I could have used many other arguments as to why measurements are all discrete, but this is about as general as you can get, without getting bogged down in how the measurement is performed.

Measurements are finite

Obviously measurements made by humans have to be finite. We cannot ourselves observe an infinite length, or build a machine that displays an infinite number of digits, or distinguish two lengths that differ by an infinitesimal amount. But could we say, build a machine that can store arbitrarily high numbers in a state as memory, and in the end give us a finite answer? This would in effect give us infinite accessible memory.

The important part isn't the number of possible states in a system, but the fact that we can switch between any of those states (to change the memory, so to speak). Any change between two states will require some energy to be invested, energy which, due to entropy-related reasons, cannot be reused again. Therefore, if we only have access to finite usable energy (and we do), we cannot change such states to an arbitrary number of different states.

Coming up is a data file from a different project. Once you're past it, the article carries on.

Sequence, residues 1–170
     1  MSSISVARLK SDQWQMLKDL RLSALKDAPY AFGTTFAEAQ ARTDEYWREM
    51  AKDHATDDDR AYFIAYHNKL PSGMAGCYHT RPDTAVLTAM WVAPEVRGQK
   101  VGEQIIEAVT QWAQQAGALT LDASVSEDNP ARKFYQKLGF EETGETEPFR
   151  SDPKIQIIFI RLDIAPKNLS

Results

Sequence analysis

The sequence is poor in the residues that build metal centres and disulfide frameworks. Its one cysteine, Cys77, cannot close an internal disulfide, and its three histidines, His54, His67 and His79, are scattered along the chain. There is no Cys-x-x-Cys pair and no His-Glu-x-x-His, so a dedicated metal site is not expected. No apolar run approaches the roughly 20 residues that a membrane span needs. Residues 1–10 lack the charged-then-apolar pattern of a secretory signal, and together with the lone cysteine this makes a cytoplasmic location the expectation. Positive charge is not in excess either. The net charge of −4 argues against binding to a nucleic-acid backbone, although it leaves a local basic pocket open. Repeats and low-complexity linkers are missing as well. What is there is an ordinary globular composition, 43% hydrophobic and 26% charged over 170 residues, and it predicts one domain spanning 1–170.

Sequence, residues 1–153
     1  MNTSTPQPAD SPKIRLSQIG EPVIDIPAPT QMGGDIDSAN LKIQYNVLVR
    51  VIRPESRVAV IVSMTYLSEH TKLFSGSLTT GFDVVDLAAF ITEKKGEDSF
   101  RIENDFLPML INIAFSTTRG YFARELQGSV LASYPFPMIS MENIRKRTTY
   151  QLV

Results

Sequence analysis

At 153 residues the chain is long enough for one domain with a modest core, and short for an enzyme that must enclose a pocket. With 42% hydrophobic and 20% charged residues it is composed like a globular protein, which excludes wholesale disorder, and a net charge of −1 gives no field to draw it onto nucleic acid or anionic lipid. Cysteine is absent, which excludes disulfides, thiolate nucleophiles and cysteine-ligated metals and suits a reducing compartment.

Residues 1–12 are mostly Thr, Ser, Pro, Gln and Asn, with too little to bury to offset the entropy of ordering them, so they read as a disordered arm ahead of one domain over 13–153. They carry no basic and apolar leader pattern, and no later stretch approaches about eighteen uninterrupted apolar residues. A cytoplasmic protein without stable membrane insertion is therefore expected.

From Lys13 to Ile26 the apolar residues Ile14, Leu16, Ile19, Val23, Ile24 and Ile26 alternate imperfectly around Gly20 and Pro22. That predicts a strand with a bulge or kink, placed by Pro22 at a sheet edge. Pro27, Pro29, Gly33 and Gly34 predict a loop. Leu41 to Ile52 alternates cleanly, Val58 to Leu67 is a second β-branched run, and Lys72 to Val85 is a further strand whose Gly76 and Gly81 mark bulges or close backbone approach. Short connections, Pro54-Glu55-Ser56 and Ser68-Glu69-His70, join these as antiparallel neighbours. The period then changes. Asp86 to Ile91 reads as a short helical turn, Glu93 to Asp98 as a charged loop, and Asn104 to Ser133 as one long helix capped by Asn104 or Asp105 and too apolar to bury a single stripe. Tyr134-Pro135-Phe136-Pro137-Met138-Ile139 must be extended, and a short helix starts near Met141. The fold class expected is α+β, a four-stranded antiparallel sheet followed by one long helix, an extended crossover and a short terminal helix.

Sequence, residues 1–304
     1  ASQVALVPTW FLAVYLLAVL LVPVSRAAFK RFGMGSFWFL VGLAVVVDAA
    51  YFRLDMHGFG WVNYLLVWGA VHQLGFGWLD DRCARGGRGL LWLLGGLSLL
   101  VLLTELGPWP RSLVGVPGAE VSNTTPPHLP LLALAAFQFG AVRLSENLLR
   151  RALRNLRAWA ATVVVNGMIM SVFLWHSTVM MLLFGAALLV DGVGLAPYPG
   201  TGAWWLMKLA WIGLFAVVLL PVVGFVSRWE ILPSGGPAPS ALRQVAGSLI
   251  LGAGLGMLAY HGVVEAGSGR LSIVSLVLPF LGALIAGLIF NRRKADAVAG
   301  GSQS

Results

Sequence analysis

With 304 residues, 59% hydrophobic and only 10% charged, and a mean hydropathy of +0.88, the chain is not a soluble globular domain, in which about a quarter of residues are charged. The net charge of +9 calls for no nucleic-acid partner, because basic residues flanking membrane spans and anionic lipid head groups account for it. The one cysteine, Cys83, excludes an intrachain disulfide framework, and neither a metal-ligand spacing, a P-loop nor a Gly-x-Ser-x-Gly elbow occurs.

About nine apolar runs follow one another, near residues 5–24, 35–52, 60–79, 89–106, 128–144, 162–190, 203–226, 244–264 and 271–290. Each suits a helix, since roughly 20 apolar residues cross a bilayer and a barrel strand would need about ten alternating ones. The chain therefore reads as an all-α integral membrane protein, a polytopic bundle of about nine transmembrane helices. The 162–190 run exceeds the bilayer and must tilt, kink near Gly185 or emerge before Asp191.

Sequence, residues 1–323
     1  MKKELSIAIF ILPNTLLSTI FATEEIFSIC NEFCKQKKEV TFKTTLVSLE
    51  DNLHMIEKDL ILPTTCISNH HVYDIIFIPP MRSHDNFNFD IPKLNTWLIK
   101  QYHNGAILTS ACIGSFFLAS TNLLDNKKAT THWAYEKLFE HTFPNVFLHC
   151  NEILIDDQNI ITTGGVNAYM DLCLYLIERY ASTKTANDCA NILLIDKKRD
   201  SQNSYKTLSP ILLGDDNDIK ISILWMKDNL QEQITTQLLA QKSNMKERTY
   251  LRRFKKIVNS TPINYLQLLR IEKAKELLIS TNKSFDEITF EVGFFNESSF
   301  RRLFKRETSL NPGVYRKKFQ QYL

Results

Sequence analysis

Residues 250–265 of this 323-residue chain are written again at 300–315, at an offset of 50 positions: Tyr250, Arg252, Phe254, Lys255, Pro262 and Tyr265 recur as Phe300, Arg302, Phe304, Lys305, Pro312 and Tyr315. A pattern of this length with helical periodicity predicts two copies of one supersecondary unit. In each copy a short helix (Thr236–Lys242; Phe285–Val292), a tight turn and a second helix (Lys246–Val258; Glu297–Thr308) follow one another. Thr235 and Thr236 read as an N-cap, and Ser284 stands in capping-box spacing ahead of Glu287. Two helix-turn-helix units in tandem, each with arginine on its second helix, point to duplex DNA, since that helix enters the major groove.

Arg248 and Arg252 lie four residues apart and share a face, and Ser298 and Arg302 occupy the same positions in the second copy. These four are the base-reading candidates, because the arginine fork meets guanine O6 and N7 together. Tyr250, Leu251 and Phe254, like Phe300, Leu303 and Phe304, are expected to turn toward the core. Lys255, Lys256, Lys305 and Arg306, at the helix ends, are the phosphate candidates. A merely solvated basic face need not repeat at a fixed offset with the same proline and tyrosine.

A finite playground

For quite a lot of reasons, but ultimately due to the expansion of the universe, we only have access to so many particles (everything else, if it exists, is beyond the cosmological horizon, which we cannot go into). This is a thing that restricts both our access to energy for changing states and simply particles we could use to do this. If the universe was static, then perhaps we could attempt such a thing (if you don't mind waiting trillions of years), but that is yet another reason we cannot.